And as we considered last week sometimes one is another way of expressing the other. The call of doubt is a way of framing hope; for the call of Job telling God he is a liar – is a cry holding God to account, it is a cry that is a cry of faithfulness. A faithfulness that enters relationship, and is therefore open to surprise.

The psalms are full of such disorientation; we thought we had faith in God, but now we doubt it. For me, God was not the refuge from the storm, God was the tempest.

So at this point – beyond belief, at the point where faith has broken – I found myself once more drawing back to thinking about God. Like poor old Richard Dawkins, the issue of God just wouldn’t go away.

The irony tslide09hat losing God helped me to reconsider God again; to find God in conversations, in silence and in that nameless wonder within poetry, art and music.

The simplicity of trite answers had gone, but the struggle to think about God called… to return to ‘faith after faith’ is a process which has * been recently called ‘anatheism‘, the return to God after God.slide10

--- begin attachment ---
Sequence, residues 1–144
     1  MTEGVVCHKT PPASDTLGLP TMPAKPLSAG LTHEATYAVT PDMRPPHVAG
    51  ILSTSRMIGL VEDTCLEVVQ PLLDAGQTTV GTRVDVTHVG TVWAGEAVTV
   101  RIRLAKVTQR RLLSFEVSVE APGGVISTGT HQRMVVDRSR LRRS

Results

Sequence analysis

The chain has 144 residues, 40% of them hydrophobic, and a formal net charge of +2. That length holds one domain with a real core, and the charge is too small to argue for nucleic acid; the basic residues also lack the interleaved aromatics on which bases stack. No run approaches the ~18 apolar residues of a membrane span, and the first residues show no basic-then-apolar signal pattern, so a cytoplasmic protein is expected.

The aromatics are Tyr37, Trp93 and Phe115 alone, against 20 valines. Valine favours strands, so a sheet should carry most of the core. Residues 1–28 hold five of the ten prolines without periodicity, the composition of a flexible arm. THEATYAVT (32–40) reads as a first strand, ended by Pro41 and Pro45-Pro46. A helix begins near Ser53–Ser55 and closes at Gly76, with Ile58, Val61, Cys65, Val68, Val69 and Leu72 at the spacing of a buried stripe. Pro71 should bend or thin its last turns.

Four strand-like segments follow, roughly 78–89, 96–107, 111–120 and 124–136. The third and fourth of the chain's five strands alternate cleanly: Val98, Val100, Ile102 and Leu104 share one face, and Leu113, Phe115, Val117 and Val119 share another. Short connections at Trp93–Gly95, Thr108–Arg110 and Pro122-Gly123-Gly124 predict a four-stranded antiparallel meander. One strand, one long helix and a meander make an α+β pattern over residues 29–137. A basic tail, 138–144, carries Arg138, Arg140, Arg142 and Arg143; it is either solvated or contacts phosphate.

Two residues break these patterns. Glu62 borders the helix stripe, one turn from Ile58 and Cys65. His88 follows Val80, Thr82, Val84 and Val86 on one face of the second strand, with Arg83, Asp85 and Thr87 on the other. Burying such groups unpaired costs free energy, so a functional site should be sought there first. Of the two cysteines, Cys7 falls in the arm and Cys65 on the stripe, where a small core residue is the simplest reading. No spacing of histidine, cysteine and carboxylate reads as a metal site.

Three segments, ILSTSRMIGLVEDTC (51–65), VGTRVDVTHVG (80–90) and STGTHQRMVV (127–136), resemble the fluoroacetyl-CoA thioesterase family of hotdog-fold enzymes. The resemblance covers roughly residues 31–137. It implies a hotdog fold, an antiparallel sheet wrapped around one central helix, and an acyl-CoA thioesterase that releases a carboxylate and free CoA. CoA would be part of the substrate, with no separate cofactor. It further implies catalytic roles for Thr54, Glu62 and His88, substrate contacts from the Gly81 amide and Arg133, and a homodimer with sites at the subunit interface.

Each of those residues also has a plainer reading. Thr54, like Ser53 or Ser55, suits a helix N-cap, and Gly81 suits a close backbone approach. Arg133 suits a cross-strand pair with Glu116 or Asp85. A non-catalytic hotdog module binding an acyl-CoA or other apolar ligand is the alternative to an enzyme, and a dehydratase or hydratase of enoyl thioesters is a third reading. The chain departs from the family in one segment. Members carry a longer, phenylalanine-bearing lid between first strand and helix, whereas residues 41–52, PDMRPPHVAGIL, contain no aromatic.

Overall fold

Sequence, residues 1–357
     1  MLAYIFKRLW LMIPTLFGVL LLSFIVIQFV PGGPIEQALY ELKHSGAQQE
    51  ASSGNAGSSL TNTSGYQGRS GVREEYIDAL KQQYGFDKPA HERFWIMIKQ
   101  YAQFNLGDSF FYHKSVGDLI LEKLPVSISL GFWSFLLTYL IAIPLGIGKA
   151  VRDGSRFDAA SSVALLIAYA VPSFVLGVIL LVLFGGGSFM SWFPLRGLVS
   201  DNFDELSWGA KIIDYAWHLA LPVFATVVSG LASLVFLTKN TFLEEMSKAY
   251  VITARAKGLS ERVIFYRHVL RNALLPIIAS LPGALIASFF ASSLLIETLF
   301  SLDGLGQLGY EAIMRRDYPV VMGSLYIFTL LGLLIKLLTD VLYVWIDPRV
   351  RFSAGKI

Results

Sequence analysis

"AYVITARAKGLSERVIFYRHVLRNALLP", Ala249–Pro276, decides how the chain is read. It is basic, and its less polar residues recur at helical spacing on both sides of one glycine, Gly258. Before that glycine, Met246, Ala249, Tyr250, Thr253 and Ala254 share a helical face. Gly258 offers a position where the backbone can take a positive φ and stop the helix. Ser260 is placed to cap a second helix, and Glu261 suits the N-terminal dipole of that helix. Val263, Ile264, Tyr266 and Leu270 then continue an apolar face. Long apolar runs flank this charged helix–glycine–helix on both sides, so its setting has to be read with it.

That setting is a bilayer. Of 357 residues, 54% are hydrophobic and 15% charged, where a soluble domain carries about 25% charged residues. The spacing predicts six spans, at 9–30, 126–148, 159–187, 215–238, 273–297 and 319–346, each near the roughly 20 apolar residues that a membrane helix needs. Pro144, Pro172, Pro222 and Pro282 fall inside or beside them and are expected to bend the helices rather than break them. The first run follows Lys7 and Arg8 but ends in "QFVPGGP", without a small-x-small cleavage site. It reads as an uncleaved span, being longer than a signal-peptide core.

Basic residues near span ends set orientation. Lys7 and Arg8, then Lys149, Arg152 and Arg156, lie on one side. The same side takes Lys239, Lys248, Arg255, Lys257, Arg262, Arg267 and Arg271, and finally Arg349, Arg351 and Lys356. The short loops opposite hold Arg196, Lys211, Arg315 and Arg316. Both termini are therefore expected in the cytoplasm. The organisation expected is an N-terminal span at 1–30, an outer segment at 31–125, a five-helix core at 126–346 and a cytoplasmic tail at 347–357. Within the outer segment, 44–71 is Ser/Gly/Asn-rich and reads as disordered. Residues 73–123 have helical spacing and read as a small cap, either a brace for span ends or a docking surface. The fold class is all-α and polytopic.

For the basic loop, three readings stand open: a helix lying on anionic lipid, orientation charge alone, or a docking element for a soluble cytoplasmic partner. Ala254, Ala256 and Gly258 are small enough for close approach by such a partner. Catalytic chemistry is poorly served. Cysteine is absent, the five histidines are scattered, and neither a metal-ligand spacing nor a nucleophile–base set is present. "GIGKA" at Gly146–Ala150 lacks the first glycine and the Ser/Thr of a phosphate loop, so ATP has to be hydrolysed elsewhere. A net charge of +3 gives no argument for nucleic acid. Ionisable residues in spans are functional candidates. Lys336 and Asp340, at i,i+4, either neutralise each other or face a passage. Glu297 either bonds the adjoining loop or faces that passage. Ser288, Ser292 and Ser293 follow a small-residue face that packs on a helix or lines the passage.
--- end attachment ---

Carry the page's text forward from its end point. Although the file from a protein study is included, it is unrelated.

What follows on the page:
Anatheism is way of letting go of the metaphysical ‘super-hero-sky-god’ and instead looking for the emergence of G-d in the flesh of earthly existence.

Suffering breaks down our conceptions of God, like the apophatic path we talked of last week; suffering reminds us that our ‘concepts of God’ are inevitably limited. But suffering also connects us to others, there is a solidarity in suffering that connects us to one another – and to God.

Letting go of such ‘God’ images – all images – we find that within the humble, beautiful, fragile and broken body we glimpse something of the G-d whose absence we have faced; and whose presence is revealed in weakness and vulnerability.

The Anglican church is learning to become diverse, broad and eclectic. 21stC Anglicanism might open the space between faith and nonfaith; about taking the risk, the process of negotiating the lines between belief and unbelief.

Like Paul Ricour’s ‘second naïveté’, after all the questions and doubts can we return to faith in the 21st century, a post/modern faith beyond both dogma and doubt.

The question is honest, real, relevant, and vital…

Faith is an impossibility for many people outside of this building and for some inside this building; of course it is, As Keirkegaard says, it’s an absurdity!

slide11It is vital because, as philosopher John Caputo says, ‘religion is for lovers of the impossible.’

But within that absurdity, the wild impossible dream, there is something compelling, engrossing, captivating, entrancing, a dream of God’s kingdom. It is the God who emerges after God. The God who meets us in the vulnerability and wager of relationship.

We heard last week of Abraham encountering three strangers at the Oaks of Mamre. He was faced with the choice, (a wager); hospitality or refusal. In the end hospitality won. It was the act (not the theory) of love, where God was revealed.